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NGOs and self-organized groups increasingly use data circulating on social media and online devices for evidence production while researching conflicts and human rights violations. This project investigates the epistemological and participative practices in Open Source Investigations in the context of Russia’s war on Ukraine. Theoretically it reflects upon the role of ‘data publics’ in transforming social media data into public evidence. The main question is: How do data publics transform social media data into public evidence? Inspired by feminist perspectives, we critically assess how much is done ‘online’ (and remotely), evaluate whether reporters at the ‘information front’ are acknowledged, take into account the specificities of local journalistic cultures and the needs of people on the ground. The study traces the emergence of a global public (sub)culture of digital investigations and its incorporation of an ethics of care. The project contributes to ongoing debates about responsible online investigations.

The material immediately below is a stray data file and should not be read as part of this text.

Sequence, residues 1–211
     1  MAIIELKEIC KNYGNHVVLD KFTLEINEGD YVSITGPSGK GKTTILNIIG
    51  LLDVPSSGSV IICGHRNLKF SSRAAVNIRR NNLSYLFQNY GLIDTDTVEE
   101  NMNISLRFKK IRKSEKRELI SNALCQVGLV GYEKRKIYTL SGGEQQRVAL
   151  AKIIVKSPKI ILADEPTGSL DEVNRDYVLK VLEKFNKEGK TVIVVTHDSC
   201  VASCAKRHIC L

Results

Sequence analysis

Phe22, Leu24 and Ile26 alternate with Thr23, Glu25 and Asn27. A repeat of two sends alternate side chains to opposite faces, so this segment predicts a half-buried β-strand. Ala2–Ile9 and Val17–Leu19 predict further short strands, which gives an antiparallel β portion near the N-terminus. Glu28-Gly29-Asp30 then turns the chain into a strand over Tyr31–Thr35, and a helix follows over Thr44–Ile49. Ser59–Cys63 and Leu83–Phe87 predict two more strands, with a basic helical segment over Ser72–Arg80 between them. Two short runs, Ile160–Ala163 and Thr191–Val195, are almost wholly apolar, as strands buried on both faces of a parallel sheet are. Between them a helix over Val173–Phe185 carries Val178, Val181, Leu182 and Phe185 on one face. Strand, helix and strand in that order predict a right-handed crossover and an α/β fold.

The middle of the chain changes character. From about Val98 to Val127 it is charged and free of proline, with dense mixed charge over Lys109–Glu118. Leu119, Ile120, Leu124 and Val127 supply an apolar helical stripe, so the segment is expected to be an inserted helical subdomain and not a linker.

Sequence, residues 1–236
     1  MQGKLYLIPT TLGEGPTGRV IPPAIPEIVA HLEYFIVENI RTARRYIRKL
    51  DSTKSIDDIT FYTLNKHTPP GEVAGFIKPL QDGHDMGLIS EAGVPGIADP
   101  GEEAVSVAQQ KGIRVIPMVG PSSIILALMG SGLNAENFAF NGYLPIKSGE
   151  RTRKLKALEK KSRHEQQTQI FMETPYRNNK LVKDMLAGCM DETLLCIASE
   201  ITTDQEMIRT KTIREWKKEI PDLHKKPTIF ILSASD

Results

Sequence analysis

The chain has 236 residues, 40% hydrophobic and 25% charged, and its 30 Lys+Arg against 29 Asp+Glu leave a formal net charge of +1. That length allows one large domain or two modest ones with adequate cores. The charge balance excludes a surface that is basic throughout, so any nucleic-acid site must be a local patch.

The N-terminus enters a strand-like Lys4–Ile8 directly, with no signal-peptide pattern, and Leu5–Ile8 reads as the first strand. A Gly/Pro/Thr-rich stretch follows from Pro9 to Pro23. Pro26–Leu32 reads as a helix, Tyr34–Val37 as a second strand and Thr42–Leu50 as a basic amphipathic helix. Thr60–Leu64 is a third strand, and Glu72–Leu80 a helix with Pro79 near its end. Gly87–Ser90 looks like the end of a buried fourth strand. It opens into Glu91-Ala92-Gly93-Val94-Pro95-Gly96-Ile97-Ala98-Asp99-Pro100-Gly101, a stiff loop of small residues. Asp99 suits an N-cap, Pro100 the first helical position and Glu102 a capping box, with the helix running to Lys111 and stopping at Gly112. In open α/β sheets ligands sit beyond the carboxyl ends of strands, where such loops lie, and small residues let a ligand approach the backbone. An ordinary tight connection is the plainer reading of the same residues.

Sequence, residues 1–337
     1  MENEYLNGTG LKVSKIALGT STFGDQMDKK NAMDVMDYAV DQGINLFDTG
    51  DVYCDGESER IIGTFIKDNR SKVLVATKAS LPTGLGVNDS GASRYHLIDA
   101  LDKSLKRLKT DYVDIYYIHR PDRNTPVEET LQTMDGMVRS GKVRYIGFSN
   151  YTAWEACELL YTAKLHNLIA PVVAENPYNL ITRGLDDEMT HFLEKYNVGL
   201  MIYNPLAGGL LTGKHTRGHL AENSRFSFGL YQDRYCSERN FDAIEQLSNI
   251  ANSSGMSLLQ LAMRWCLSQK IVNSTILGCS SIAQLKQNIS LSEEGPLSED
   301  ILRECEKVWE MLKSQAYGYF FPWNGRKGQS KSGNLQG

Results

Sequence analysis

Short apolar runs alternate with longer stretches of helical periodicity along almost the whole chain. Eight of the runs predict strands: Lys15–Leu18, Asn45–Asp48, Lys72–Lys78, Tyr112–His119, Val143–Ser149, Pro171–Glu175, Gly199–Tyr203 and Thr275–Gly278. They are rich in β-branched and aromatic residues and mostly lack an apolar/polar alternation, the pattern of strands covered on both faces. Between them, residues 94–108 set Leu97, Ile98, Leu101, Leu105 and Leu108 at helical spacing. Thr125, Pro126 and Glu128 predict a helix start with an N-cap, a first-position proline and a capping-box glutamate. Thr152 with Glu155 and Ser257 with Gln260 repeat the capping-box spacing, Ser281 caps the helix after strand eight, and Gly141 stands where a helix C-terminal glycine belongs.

The Team

Lonneke van der Velden is Assistant Professor Global Digital Cultures and lecturer at the Media Studies department at the University of Amsterdam (UvA).

Olga Burlyuk is Assistant Professor of Europe’s external relations at the Department of Political Science and affiliate of the Amsterdam Center for European Studies at the University of Amsterdam (UvA).

Guillén Torres Sepulveda is a PhD researcher and lecturer at the University of Amsterdam interested in how data and information structure power asymmetries between different actors.

Johana Kotisova works as Marie Skłodowska-Curie Fellow at the University of Amsterdam. Her interests include crisis and conflict reporting, newsworkers’ emotional labor, and creative methods.